18 OCTOBER 1963, Page 30

Pocket and Palate

By LESLIE ADRIAN WHEN hardware wholesalers start selling wine I scent a trend. Grocer's sherry is all very well (or ill), but iron- monger's claret does not even sound medicinal. Not long ago I mentioned the Dron organisation in this column in favourable terms, but failed to emphasise that they supply the wines by the dozen, assorted, at cut prices My memory was jogged by the arrival in the post the other day of a wine list from London Household Service, who also supply in dozens at well under the retail price. As there are a number of specialists in, shall we say, inexpen- sive wine, a little straight comparison cannot but do gobd to the cause and the pocket of the wine- fancier. As for his palate, a comment or two later. Meanwhile, here is a table of comparative prices from the winter, 1963, lists of the chief wine societies (unless the year is otherwise indi- cated), as well as the two bulk-purchase organi- sations mentioned. I have also included the Professional and Businessmen's Wine Vaults, although there is no membership condition and, indeed, no obvious occupational qualification that I have discovered., Wine Club

or Whole- '

(1962) 14/6 8/- 9/6 -- - Directors 13/6 7/9 11/- 8/- 6/9.36/- 37/6 Private Wine

Buyers (per bottle) 12/6 6/6 7/6 5/11 — — — LHS 14/3 7/9 8/9 8/- 6/6 34/I 35/10 P and B WV 11/1 Average retail price 14/3 7/- 9/9 8/- 6/6 41/6 35/9 (39/9 for branded gins)

The 'average retail prices' quoted here are taken from the new edition of Peter Dominic's Wine Mine (Is.), which is one of the most com- prehensive lists and gives prices, e.g., for gin, that undercut the standard price for a proprietary brand, thus making a more realistic comparison with the offerings of these societies and whole- salers. Not a word is said here about quality, please note.

One of the interesting facts about this table is that there is clearly no price advantage in buying Spanish reds in bulk, and in the Yugo- slav Riesling column the only startling offer is from the Private Wine Buyers' Society (109/110. Jermyn Street, WI), but all their wines quoted here have to be bought either by the cask (six dozen bottles, and do the bottling yourself) or by the demijohn of six or a dozen bottles. They hold tastings for their members at least twice a. year. The next one is on Wednesday, October 22. Bottling is good fUn, if you share the burden of collecting and sterilising the bottles, filling, corking and labelling, with a few friends. But sometimes amateur bottling spoils the wine and you find yourselves stuck with a couple of dozen bottles of undrinkable Macon.

In this list. where I have quoted in each case the cheapest red Bordeaux and the cheapest t.eatliolv.s available. as well as the most standard- .0TA 'a' 0 bo r,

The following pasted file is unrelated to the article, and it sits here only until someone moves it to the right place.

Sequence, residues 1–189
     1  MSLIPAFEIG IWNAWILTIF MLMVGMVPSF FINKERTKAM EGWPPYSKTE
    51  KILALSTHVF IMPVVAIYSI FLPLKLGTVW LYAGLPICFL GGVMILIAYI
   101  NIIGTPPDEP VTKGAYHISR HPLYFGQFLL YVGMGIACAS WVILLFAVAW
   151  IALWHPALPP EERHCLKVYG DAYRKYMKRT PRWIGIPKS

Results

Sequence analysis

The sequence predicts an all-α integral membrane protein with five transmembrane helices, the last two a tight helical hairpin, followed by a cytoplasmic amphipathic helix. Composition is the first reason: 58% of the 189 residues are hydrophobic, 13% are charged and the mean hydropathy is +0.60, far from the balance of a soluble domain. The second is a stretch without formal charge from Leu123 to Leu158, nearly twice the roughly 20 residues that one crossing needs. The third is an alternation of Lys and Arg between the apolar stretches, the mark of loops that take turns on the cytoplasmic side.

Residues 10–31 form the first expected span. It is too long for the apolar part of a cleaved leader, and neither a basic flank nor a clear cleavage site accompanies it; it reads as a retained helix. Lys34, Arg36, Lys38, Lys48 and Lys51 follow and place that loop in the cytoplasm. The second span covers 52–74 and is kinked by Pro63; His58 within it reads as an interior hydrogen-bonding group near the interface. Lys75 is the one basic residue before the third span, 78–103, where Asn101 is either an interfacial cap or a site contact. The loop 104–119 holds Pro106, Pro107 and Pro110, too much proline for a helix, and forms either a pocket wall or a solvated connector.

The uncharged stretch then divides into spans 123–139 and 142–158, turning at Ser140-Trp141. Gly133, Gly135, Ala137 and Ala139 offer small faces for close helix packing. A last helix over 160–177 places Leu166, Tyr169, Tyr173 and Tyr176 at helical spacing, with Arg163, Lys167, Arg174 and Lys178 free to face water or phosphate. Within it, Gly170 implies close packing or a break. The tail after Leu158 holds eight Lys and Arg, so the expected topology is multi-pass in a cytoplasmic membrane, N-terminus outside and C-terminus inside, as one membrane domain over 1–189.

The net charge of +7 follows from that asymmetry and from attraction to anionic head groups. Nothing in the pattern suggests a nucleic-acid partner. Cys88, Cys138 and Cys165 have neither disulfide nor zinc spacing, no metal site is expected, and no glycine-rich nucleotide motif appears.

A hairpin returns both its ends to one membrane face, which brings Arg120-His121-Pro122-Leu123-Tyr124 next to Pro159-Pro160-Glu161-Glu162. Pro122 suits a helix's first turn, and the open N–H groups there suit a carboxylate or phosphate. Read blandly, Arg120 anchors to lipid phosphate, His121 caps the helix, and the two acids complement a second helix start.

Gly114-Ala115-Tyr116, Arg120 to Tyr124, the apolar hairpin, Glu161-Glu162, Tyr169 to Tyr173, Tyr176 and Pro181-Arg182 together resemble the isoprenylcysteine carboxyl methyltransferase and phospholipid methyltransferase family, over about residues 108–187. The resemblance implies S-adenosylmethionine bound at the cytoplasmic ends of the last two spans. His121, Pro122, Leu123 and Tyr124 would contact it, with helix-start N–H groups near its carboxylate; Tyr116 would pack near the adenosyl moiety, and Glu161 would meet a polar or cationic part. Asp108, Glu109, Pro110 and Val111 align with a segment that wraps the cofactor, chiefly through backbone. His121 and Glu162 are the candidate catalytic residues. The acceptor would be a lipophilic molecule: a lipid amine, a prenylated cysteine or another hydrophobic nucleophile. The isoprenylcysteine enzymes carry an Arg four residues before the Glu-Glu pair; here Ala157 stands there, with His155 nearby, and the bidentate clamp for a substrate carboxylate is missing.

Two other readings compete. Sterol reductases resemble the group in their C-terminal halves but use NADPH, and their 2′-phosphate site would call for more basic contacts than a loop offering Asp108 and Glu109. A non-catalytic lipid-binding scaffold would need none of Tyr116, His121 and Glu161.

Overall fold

>-,g4 9/- 7/9 8/6 7/9 Iv

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6/6 35/- 38/-

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6/6 7/7 —

seeming sherry (usually described as fino or medium dry amontillado in the lists 1 have con- sulted), the Private Wine Buyers seem to have won on the Beaujolais, although the Professional and Businessmen's Wine Vaults (39-43 Monu- ment Street, EC3) have it ready bottled at only a penny more and no subscription (21s. a year) to pay.

P and BVW win on price again _with their claret, but for the serious wine drinker perhaps the Wine Society (The International Exhibition Co-operative Wine Society, 8-10 Bulstrode Street, WI), into which a member has to buy with a £5 share (returnable) and a sponsor, offers a higher quality. I said perhaps; shopping for cheap wine disbars one from quality considerations to a large extent. The Directors' Wine Club (31 Berkeley Street, W1) claret is a bargain worth considering. This club has a shorter list than the others, but there is a certain guarantee of quality in that Cyril Ray chairs the selection committee. You do not have to be a director to join. The subscription is 21s. a year.

I would think that the wise wine-buyer, pre- paring for a vinous winter and with one eye on Christmas, would send for all these lists and make his own comparisons. But it is tedious, as I can confirm. Incidentally, people living in the Midlands may find the Wine Lovers Society (21 Park' Hill, Moseley, Birmingham, 13) convenient to deal with. It was lonely at the National Book League's 'Sensible Shopping' exhibition at Congress House. For nearly an hour I was the only person prowling round the Consumers' Association's five displays, the NBL's small and ill-selected book- stand and the insignificant panel provided by the Citizens' Advice Bureaux. It was not an in- spiring rallying call for the housewives of the world, but it is a jolly good advertisement for back numbers of Which? When this little ex- hibition goes on tout in the provinces (about which we Londoners prate as if we were Chatham House pundits discussing Inner Mongolia) it will bring with it salutary reminders that soap powder cleans clothes better than synthetic deter- gents, even if it doesn't add whiteness or &right- ness, and that most school blazers are made from inferior cloth and dyed with unreliable d yes.

But the bewildered visitor may wonder why the NBL thinks that he wants to teach himself market research, safely English printed textiles from 1720 to 1836 or delve into Russian folk art. I was more annoyed that among the books displayed was the late Frank Friday's defence of xesale price maintenance (deceptively entitled Shops and Prices), while Professor Yamey's elo- quent attack on r.p.m. was nowhere to he seen.

If this is in best that can be done to spread interest in the consumer movement, it will not move very far or very fast.